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Image of a good America has faded

DISCUSSIONS | May 31, 2006

Sayuri Daimon, Tokyo

2001 Nieman fellow; editor of national news, The Japan Times, Tokyo

As in many other countries, people's perception of America appears to be changing in Japan, especially due to the Iraq War. Prior to 9/11, most Japanese held good feelings toward America, except for some residents of Japan's southernmost island of Okinawa, where there is a heavy U.S. military presence and anti-U.S. rallies have occasionally been observed.

Those who had witnessed the end of the war with the U.S., like my parents, especially believe that Americans released Japan from the prewar military dictatorship and brought democracy. They strongly feel that Japan enjoys peace and stability because it is being protected by America through the Japan-U.S. Security Pact.

This kind of positive feeling about the U.S. also stems from Article 9 of the Constitution, which was created soon after the war with the initiative of the U.S. Occupation Forces. Article 9 stipulates that Japan forever renounces war and will hold no military power. Many Japanese are still proud of this clause and see it as the pillar of democracy in Japan.

Though Japan later created its Self-Defense Forces, their overseas activities are strictly limited, and their main task has always been Japan’s self-defense. Even during the Gulf War, Japan did not send troops.

However, the situations is drastically different, due to a significant change in SDF operations. Since 9/11, the Japanese government, as a U.S. major ally, has sent refueling vessels to the Indian Ocean to help the U.S.-led antiterrorism operations in Afghanistan. It also supported the U.S. in the war against Iraq and dispatched some 600 troops of Ground Self-Defense Force to southern Iraq for humanitarian and reconstruction aid. Because of these, people fear that Japanese forces' activities may be seen as part of U.S. military operations and become target of terrorists’ attacks.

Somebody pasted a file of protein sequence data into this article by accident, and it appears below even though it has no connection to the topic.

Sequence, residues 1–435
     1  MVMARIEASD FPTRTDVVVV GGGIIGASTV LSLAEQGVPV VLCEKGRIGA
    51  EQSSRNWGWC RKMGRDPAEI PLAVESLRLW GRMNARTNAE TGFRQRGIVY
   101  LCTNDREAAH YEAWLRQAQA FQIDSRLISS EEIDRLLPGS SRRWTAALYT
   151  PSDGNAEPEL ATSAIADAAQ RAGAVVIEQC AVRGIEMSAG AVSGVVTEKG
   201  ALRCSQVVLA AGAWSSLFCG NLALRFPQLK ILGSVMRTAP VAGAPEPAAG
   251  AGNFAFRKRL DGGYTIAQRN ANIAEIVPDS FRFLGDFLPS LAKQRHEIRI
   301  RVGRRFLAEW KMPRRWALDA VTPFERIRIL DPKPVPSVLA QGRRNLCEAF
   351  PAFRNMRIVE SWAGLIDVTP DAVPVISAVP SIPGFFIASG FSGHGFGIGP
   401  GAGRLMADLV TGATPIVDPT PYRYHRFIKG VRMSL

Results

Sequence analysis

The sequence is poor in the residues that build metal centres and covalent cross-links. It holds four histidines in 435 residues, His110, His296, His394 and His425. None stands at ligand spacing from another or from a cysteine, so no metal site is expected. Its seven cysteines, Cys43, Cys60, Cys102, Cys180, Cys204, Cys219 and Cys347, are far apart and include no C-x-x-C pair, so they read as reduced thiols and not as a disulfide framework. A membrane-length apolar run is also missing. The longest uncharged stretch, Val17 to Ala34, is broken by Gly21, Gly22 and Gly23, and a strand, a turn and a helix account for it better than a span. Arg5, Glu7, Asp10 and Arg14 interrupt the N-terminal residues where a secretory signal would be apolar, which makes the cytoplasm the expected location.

Such concerns could also be seen in a government survey released in early May. It showed that 45 percent of the public is worried about the possibility of the country getting involved in a war, the highest figure since the poll was started in September 1969.

The poll also found record-high interest – 67.4 percent – in defense issues and the activities of the SDF. The previous record was 67.3 percent in a poll conducted in 1991, weeks after the U.S. launched the Gulf War against Iraq. And a Defense Agency official said that the SDF activity that drew the most attention was the mission in Iraq. With the media reporting misdeeds by U.S. military in Iraq, an increasing number of Japanese have become critical about the U.S. operation in Iraq. 

Though the government wants to maintain a close relationship with the U.S., I think the image of a good America is unlikely to come back anytime soon.

Feeling that the U.S. is no longer a safe destination for students, more Japanese parents nowadays send their children to Australia, instead of the U.S., for English education.

Popular Prime Minister Junichiro Koizumi, who became a close friend of U.S. President George W. Bush and supported the U.S. operations in Afghanistan and Iraq, is stepping down in September. That may also be a negative factor to the Japan-U.S. relations.

Many Japanese still remember the generosity Americans showed after the war and how it helped us to grow into a developed nation. Many still hope that the U.S. will play the role of a good world leader. I think the key to the U.S. regaining trust of the international community depends on whether it can solve various issues without resorting to its military power.

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